Trajectory height must not be confused with the drop of the bullet from the straight line in extension of the axis of the bore. For example, a certain rifle with a 2,500 foot muzzle velocity has an eight and a half inch trajectory at three hundred yards, but if we shoot at that three hundred yard target with the rifle sighted for one hundred yards the ball will strike twenty-seven inches below the center. Hence we see the importance of sighting a rifle for the longest distance at which it will not exceed a certain trajectory height, since after we pass the spot at which the sights are aligned the drop of the projectile is very rapid compared with its rise above the sighting line.
The range at which we can fix our arbitrary point-blank, or sight the rifle for hunting, is a matter for the exercise of good judgment. The first thing to be taken into consideration is the initial velocity of the rifle. The .280 Ross and other three thousand foot velocity rifles have trajectories as flat at three hundred yards as the .30-30 has at two hundred; then of course the Ross can be sighted for three hundred yards with no more mid-range error than the .30-30 has at two hundred.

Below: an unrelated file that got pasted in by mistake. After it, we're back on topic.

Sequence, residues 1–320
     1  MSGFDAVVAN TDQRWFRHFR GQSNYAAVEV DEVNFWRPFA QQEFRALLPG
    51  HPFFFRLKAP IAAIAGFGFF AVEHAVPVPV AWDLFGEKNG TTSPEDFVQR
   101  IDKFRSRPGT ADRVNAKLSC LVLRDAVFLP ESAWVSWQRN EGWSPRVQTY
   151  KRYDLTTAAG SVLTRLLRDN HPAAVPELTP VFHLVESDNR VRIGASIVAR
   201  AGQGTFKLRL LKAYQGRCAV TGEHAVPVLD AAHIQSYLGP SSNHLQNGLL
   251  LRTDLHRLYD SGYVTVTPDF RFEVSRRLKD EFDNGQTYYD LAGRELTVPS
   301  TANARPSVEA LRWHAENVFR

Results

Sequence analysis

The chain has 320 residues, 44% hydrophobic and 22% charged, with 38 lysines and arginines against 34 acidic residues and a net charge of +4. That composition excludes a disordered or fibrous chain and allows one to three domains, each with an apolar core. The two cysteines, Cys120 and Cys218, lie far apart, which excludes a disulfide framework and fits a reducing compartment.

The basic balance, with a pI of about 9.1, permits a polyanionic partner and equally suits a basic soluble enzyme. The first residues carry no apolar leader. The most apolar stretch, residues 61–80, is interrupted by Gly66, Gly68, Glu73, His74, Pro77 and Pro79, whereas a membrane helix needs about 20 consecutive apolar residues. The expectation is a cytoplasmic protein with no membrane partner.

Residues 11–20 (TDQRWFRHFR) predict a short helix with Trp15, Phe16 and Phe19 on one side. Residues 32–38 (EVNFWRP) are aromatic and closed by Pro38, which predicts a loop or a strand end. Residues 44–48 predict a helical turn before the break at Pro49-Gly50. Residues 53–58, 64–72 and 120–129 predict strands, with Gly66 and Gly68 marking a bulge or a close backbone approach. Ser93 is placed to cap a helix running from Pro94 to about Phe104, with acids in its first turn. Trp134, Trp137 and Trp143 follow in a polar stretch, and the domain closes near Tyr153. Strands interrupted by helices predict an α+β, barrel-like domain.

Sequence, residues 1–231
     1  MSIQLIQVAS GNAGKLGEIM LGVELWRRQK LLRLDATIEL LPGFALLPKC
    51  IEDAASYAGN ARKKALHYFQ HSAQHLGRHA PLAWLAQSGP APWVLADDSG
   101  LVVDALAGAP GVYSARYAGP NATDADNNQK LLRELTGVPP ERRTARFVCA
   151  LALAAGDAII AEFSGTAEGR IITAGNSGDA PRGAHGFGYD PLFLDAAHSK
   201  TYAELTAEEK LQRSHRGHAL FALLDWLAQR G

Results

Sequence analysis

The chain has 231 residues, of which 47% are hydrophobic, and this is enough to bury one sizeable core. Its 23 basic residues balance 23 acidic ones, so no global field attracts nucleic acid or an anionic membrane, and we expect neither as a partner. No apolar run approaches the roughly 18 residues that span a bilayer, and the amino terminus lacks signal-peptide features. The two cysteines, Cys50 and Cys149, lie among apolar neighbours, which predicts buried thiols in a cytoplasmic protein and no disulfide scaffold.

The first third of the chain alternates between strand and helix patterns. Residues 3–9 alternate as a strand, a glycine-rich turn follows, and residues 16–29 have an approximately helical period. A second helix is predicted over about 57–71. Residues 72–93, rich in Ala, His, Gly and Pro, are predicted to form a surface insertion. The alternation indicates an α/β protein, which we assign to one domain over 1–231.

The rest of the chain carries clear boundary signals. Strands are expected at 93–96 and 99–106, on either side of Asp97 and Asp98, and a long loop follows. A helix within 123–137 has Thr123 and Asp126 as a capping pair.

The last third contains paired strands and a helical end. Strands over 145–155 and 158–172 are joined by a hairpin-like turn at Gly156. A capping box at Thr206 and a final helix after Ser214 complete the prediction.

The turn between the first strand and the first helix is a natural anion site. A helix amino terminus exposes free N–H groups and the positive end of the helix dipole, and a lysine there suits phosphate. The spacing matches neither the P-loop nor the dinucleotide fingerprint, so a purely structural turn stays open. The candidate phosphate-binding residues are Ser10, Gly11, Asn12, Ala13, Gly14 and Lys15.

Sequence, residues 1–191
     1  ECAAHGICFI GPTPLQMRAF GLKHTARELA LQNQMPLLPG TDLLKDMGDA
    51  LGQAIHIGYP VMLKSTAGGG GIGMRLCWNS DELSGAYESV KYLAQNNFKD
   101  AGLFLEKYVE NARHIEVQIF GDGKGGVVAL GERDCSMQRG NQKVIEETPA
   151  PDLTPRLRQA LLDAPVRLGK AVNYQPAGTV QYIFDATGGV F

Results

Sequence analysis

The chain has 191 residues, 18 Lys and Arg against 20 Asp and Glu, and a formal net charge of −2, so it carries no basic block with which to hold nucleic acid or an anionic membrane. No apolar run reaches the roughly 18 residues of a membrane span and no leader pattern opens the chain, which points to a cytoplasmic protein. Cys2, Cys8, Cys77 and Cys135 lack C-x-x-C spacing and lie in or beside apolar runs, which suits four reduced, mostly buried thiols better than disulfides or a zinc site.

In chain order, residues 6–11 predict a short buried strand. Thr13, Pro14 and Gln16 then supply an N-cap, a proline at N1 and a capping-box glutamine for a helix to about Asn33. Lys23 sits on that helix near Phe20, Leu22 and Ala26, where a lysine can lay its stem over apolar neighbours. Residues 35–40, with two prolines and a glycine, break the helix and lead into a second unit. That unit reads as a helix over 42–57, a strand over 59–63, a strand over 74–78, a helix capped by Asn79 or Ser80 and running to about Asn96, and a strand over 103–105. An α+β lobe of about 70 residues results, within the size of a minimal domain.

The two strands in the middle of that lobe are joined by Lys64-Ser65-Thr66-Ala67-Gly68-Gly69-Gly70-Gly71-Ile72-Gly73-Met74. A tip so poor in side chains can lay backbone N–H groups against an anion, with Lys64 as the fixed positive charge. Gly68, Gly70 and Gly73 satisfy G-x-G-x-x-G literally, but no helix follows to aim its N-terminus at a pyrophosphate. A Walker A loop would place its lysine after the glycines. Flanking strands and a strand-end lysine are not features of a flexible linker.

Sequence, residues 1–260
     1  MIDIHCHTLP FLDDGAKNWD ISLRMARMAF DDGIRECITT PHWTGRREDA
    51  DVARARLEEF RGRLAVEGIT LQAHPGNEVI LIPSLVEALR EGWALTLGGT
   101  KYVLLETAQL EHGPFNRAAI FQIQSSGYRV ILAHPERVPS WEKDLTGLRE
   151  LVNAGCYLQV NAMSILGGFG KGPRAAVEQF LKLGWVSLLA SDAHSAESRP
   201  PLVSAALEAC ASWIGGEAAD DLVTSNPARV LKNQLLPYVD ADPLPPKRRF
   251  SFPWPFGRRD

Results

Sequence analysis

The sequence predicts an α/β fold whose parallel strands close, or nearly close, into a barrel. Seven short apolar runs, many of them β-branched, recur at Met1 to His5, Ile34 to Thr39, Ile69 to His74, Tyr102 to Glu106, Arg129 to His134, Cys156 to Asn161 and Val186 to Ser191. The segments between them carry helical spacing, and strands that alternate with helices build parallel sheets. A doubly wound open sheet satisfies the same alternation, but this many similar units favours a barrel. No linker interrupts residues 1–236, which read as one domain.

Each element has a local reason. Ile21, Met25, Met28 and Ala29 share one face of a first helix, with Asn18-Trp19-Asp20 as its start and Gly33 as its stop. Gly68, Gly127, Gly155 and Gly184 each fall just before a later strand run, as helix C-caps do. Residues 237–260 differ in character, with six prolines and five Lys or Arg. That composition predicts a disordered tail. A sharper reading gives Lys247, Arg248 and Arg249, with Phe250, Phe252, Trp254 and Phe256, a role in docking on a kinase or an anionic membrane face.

Askins, Charles. Rifles and Rifle Shooting. New York: Outing, 1912. Print.
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